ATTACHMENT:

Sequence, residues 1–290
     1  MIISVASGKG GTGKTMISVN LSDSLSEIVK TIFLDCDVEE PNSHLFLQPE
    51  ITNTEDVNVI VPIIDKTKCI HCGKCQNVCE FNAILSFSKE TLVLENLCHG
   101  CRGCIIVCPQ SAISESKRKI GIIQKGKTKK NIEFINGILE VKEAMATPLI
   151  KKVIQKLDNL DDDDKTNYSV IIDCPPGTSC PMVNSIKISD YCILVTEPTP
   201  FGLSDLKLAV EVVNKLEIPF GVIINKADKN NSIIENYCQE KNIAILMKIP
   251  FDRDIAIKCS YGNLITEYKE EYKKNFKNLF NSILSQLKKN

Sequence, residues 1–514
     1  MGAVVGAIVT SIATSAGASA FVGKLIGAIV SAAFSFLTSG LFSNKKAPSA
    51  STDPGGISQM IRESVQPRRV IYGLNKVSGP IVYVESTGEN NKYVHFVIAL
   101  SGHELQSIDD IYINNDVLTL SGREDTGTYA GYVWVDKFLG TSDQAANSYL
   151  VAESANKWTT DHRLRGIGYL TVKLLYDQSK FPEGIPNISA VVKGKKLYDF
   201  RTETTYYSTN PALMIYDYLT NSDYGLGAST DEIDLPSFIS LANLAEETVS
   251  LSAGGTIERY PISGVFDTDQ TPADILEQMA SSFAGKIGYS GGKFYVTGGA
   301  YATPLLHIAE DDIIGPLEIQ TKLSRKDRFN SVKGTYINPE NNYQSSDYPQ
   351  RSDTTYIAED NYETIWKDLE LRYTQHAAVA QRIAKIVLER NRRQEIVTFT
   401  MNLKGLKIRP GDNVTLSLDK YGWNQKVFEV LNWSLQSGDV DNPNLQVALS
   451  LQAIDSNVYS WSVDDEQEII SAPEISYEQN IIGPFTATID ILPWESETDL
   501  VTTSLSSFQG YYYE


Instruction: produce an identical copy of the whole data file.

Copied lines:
Sequence, residues 1–290
     1  MIISVASGKG GTGKTMISVN LSDSLSEIVK TIFLDCDVEE PNSHLFLQPE
    51  ITNTEDVNVI VPIIDKTKCI HCGKCQNVCE FNAILSFSKE TLVLENLCHG
   101  CRGCIIVCPQ SAISESKRKI GIIQKGKTKK NIEFINGILE VKEAMATPLI
   151  KKVIQKLDNL DDDDKTNYSV IIDCPPGTSC PMVNSIKISD YCILVTEPTP
   201  FGLSDLKLAV EVVNKLEIPF GVIINKADKN NSIIENYCQE KNIAILMKIP
   251  FDRDIAIKCS YGNLITEYKE EYKKNFKNLF NSILSQLKKN

Sequence, residues 1–514
     1  MGAVVGAIVT SIATSAGASA FVGKLIGAIV SAAFSFLTSG LFSNKKAPSA
    51  STDPGGISQM IRESVQPRRV IYGLNKVSGP IVYVESTGEN NKYVHFVIAL
   101  SGHELQSIDD IYINNDVLTL SGREDTGTYA GYVWVDKFLG TSDQAANSYL
   151  VAESANKWTT DHRLRGIGYL TVKLLYDQSK FPEGIPNISA VVKGKKLYDF
   201  RTETTYYSTN PALMIYDYLT NSDYGLGAST DEIDLPSFIS LANLAEETVS
   251  LSAGGTIERY PISGVFDTDQ TPADILEQMA SSFAGKIGYS GGKFYVTGGA
   301  YATPLLHIAE DDIIGPLEIQ TKLSRKDRFN SVKGTYINPE NNYQSSDYPQ
   351  RSDTTYIAED NYETIWKDLE LRYTQHAAVA QRIAKIVLER NRRQEIVTFT
   401  MNLKGLKIRP GDNVTLSLDK YGWNQKVFEV LNWSLQSGDV DNPNLQVALS
   451  LQAIDSNVYS WSVDDEQEII SAPEISYEQN IIGPFTATID ILPWESETDL
   501  VTTSLSSFQG YYYE